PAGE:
After a truly God-awful final season with Miami, in which he had a true shooting percentage of only .422, Daequan Cook was salary dumped onto the Thunder, whereupon he stuck 208 points on that percentage. Cook is coming off of what is by far his best season, playing his way into the regular rotation and thriving as a tenth man during the Thunder's late season push. Doing little else but try hard defensively and take catch-and-shoot threes, Cook returned 5.6 points on 43.6% shooting, almost all of which came via his 42.2% three point shooting (Cook shot only 27 two pointers all season), fully embracing the bench scorer role he was created to fill.

There's two schools of thought here. The first school of thought suggests that, because a player did very well in his role, he is deserving of a bigger one. The second school states that, because a player did very well in his role, he is already in the perfect one for him.32 In my mind, Cook fits into the latter. Maybe there's scope for him to start somewhere, in the way that DeShawn Stevenson currently does (or did) for Dallas. But it relies upon a perfect set of circumstances, much like those recently33 enjoyed by Keith Bogans. And frankly, it is not necessary.

Cook's contract expires this month, and Oklahoma City can make him into a restricted free agent with a $3,126,764 qualifying offer. If they extend that offer, the Cook idea goes no further, because while there's no rule which states that Cook has to sign a contract that starts at an amount equal to or larger than that, it doesn't make sense for him to do so. If that were the case, he may as well accept the qualifying offer. Cook is not a $3 million player; useful as he is in his role, it's a small role. Cook never dribbles, not even employing the step-in that turns a three pointer into a long two any more. He defends the shooting guard spot fairly well, despite being slightly undersized, but that's it. He is a three point specialist who has only shot the three well in two of his four seasons thus far. Even his very good free throw stroke (84%) is nullified by how little he gets there (once every half an hour for his career). He turns only two tricks.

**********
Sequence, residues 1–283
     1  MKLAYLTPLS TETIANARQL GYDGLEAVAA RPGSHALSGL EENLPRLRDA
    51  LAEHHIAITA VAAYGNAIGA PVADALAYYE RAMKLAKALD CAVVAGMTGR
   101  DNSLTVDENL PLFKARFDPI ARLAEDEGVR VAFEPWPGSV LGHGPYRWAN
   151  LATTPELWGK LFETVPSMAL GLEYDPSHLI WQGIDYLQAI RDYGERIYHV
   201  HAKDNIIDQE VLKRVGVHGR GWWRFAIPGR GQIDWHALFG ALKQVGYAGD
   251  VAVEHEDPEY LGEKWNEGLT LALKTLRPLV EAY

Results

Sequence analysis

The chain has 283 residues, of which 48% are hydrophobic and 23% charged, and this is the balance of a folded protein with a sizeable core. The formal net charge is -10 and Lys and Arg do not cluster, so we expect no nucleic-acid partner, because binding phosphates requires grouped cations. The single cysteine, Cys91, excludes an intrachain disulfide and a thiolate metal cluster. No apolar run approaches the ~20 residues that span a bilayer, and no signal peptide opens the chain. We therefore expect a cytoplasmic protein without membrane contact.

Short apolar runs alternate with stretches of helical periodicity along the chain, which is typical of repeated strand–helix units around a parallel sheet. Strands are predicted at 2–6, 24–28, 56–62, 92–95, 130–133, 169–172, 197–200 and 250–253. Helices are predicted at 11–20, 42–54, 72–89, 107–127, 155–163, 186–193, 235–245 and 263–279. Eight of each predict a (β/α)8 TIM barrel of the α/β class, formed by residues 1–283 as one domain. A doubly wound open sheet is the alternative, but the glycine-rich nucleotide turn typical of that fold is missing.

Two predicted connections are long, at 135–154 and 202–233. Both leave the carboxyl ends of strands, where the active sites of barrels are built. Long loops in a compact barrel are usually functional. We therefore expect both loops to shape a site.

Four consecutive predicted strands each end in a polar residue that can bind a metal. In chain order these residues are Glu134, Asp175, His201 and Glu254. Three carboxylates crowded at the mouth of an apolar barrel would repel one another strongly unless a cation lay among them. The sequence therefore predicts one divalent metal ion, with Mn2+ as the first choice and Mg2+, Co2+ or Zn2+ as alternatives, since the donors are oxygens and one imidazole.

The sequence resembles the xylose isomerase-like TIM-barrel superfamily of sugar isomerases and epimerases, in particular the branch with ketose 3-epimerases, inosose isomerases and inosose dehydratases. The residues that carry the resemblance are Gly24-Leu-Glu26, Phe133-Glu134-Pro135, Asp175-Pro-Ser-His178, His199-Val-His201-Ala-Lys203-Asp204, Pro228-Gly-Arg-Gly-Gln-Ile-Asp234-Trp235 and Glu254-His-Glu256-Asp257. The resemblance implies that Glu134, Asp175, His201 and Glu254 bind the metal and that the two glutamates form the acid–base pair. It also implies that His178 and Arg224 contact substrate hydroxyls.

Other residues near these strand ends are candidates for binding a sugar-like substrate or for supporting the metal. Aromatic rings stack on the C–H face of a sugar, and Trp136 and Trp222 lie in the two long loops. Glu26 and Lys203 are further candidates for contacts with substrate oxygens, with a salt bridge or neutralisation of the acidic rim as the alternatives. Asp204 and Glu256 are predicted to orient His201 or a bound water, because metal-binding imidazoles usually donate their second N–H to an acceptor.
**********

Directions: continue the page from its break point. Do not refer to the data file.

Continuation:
They're solid tricks, though, and OKC will likely look to retain him. It is not necessarily necessary they extend the qualifying offer or not, for extending the qualifying offer is not necessarily a necessary step to re-signing him. OKC can not extend the QO for fear of his accepting it, and still re-sign him anyway. If they choose to do this, it only makes sense for Chicago to chase Cook up to roughly the value of BAE money; that is to say, as-near-as-is two years and $4 million. Any amount greater than that becomes subject to the same criteria as did Stephen Jackson above, where overpayment becomes foolish considering the wealth of comparable options. There's no point paying Daequan Cook more than he is worth for the simple reason that he is Daequan Cook. If it comes to that, you may as well pursue Von Wafer, Maurice Evans, Roger Mason, Willie Green, or some other tenth man shooting guard type. You could also bring back Rasual Butler for the minimum, or try harder to get a higher calibre of player, such as Nick Young or Marcus Thornton. Put more contritely, Daequan the Chef isn't worth overpaying for. Considering his body of work to date, even the $4 million figure pushes the very upper limit of quite what he ought be paid. And this is especially true if OKC extends the qualifying offer.

For argument's sake, though, let's say they don't do that.

[read full post]


Signed in Asia


 
 
 


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Note: Non-US teams that the player has played for are, unless stated otherwise, from the top division in that nation. If a league or division name is expressly stated, it's not the top division. The only exceptions to this are the rare occasions where no one league is said to be above the other, such as with the JBL/BJ League split in Japan.